1) HANDLE YOUR PEOPLE WITH CARE That doesn't mean "treat everybody the same," because everybody is different. No two people respond alike to supervision, and you're a goddam fool if you believe one size fits all. With some people, just tell 'em what you want and get the hell out of the way. With others, explain it carefully, tell them why the task needs to be performed a certain way, and check regularly to make sure they're doing it correctly. With others, you'd better take them by the hand, walk them through it, then have THEM walk YOU through it, just to make sure they understand. Get to know your people. Every one is different.
2) BE CONSISTENT One of the worst bosses I ever worked for allowed all sorts of safety violations in his area, never enforced the absentee policy and even bought chances in a football pool one of his operators was running on the job. An accident occurred in his area, he got his butt chewed by the Plant Manager, and he became a Born-Again Disciplinarian overnight. He came to work the next day, issued written reprimands to half the crew for stuff they had been doing for months, suspended two people for safety violations he routinely ignored before he got his butt chewed, and confiscated the football pool and had the operator fired for running it. I wanted to puke when I saw that.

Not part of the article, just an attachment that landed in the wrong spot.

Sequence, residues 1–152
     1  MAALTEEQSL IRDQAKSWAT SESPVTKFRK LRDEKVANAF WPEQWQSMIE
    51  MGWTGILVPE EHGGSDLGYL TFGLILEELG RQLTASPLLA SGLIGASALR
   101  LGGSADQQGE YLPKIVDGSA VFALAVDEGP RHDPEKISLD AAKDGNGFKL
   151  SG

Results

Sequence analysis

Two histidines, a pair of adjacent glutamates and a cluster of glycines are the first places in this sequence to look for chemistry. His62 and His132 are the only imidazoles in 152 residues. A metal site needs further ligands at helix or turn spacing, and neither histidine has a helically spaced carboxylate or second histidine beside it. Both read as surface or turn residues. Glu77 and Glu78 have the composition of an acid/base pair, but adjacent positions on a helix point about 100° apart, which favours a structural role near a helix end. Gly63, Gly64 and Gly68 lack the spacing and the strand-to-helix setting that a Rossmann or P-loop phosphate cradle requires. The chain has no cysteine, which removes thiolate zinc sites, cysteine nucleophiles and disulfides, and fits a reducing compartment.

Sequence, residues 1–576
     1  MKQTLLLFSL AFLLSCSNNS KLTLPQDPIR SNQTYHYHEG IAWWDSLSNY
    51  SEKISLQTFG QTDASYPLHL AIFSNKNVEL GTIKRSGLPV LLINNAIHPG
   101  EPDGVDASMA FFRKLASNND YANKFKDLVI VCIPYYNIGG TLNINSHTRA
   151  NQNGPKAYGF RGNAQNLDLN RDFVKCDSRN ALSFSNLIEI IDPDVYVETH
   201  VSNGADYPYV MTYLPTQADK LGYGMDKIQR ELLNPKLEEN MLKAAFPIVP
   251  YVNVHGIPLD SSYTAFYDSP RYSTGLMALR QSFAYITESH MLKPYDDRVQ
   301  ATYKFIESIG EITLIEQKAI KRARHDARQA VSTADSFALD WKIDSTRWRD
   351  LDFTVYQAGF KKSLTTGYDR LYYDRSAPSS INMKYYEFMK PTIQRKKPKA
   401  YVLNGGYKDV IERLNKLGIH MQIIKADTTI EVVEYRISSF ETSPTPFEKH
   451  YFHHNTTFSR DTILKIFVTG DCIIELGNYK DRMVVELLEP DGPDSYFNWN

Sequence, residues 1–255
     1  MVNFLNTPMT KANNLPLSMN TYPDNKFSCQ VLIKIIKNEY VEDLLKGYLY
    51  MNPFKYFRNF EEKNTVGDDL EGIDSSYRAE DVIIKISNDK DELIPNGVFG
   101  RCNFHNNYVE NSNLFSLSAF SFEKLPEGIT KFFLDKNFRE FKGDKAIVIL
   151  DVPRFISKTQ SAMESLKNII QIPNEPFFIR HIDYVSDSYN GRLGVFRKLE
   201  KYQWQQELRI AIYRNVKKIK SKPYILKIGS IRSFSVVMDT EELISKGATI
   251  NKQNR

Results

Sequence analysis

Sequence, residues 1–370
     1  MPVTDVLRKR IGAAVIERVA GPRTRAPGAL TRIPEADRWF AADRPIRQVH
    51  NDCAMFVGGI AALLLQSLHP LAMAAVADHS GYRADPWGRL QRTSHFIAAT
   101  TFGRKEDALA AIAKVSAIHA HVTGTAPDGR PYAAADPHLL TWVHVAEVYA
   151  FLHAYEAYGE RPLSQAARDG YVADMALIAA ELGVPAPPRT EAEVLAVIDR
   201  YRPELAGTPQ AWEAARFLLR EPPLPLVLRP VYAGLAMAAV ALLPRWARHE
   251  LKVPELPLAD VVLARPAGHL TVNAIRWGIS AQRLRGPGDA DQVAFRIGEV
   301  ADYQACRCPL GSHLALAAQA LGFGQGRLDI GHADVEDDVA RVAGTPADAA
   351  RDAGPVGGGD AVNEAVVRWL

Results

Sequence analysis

I don't treat everybody alike, but I enforce all the rules uniformly. The way I enforce them doesn't change depending on which side of the bed I slept on last night, or whether the Plant Manager chewed my ass the day before. The rules don't change depending on who violated them. We do some things by the book, all the time, and if YOU DON'T, you pay for it. That never changes.
3) KEEP YOUR WORD Never promise what you can't deliver, and never fail to deliver what you promise. That sword cuts both ways and people who work for you need to know and appreciate that fact. If they want improvements on the job, or a new microwave oven for the breakroom or a reward for outstanding performance, such as a free hat from the company store for a record production month, and you say you'll do it, then by God DO IT. Otherwise, don't say that you will. By the same token, if you announce to one and all that "I'm gonna suspend the next person who runs that tank over!" do THAT, too. Never lie and never threaten.